Think of us, we windsurfers, when you drive your car on a warm day, your window open. Let your flat palm play in the wind like a foil, lifting and dropping in the stream of air. Then imagine that feeling; that unseen, natural power and think what it would be like to have your whole body pulled along over the water, at speed, the board slapping impatiently at the surface and the wind – a careening, magical hoard rushing towards you, raucous and eager as hounds in the hunt.

There you have it, that is the wind, and logic be damned.

The Trump Patch

I THINK I NEED A BREAK. Too much Trump, too much despair. I never want the whole world to agree with me, except now. I want the world – every person – to disavow Trump. That’s not healthy.

It’s also a wee, tiny bit judgey. Besides, it’s an American thang, so wuddaIcare? (Yeah, right. Like when your neighbour gets a new stereo and plays Abracadabra by the Steve Miller Band all Sunday afternoon. It has an unavoidable spill-over effect.)

So, to ward off all this bad mo-jo, I’m going on the patch. The Trump patch (“May cause nausea and/or rectal discharge”.)

If he does not get elected, things will carry on in apple-pie order. By the way, isn’t that a great saying? I know, right? (As my sister likes to say, accompanied by a funny facial expression.) The apple pie saying is an idiom used by Joseph Conrad and more recently by a really good contemporary poet named Trish Hopkinson.

Anyway, back to Trump; he does not win, all is well. He goes away except for some parting deplorable remarks and I go off the patch. End of story.

And if Trump wins? Accch. I have no idiom for that. “Deportation order? Court order? Out of order?” Hey Joe! – little help here? (Mr. Conrad knows about darkness, after all.)

I think what I would do if Trump becomes POTUS is gather my wife and my daughters and all the strong women I know — it’s a lot; I have the best women — and I’d find a person with a really obnoxious pro-Trump t-shirt and I’d let him explain to my grand-daughter how this all works. The whole rape culture thing, I mean.

And maybe my grandma Toews could come back for that one meeting and give us some tips on what she did when her generation of women rose up and set aside a lot of these crazy notions, like, fifty years ago.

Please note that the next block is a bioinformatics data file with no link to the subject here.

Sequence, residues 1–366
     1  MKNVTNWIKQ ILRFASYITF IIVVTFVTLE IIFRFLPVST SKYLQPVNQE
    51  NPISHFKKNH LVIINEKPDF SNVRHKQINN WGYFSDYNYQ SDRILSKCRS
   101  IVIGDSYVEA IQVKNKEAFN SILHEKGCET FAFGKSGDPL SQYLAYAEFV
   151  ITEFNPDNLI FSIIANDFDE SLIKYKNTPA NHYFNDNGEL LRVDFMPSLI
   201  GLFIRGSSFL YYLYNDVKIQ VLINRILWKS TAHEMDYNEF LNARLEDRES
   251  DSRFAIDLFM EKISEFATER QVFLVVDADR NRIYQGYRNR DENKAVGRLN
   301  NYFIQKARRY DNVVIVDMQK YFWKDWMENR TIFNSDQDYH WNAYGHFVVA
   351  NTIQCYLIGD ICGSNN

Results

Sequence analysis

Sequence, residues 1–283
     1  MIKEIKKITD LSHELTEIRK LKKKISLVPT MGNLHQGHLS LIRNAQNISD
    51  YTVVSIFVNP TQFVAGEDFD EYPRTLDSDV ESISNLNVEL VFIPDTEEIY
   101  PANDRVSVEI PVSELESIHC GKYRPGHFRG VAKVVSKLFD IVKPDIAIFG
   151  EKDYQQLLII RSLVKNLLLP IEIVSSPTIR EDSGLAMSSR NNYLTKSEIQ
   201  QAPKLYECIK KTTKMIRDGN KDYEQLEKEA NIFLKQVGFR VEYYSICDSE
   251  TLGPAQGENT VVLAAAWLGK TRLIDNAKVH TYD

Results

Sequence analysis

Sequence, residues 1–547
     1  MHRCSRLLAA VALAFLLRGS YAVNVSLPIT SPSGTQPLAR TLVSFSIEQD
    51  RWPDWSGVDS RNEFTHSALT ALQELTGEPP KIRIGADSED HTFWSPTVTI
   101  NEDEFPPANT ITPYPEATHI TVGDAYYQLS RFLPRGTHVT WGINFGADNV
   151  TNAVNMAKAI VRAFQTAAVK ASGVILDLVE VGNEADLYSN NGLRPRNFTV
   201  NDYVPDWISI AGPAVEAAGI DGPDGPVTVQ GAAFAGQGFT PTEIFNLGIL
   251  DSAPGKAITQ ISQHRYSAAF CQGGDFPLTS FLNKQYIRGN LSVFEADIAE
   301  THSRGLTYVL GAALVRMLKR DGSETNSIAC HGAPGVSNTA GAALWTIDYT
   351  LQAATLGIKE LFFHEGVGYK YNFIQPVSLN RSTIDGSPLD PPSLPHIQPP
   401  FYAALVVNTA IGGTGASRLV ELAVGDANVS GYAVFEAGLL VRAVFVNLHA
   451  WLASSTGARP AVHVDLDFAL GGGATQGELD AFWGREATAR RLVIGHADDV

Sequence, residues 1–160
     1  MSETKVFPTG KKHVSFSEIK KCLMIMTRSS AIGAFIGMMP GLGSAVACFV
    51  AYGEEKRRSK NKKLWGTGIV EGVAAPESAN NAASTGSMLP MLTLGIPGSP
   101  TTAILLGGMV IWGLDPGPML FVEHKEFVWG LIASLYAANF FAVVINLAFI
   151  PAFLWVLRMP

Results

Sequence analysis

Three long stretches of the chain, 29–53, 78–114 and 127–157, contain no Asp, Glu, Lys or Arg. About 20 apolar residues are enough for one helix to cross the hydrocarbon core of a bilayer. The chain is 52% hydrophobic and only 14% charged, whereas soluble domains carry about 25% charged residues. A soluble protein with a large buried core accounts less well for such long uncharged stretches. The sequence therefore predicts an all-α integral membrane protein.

Grandma is not gonna be pleased – she already weeded that row of beets.

So, bye-bye CNN, I’m on the patch. Smell ya later, Stephen Colbert, I’m outta here. Alec Baldwin: have a blast. (Heyyyy, isn’t he also the scream-at-his-daughter-on-the-phone guy?) No matter, they will figure it out without me. As John Wayne used to say, “Exercise yer conscience, if ya got one!”

POST SCRIPT: Wait. There is good from this – maybe I need to stand up and take it like a . . . well, just take it. After all, I have abused my maleness. I admit it. You have too, male reader. So maybe THAT is the silver lining here. Reminding all us would-be figuratively lily white, testiclularly-endowed humans that we have pulled a few trump cards ourselves. Maybe this spray-tanned, comb-over windbag was placed here for a reason. 

 

 

Lunch with a Mennonite

HERE IS A QUICK RECOLLECTION of a lunchtime talk I gave at a Charlotte, NC advertising agency.

I worked for a Southeast Manitoba manufacturer and our weltlich new VP of Marketing – a Ka’toolsch from Montreal – had hired a new agency. As the advertising manager, it was my job to work with them.

The agency was made up mostly of transplanted New Yorkers, New Jerseyites and Penn State folk who had moved to warm and charming Charlotte. They all had pre-conceived notions of what a Mennonite was and now they had a new Canadian client spending money like it was znackzote.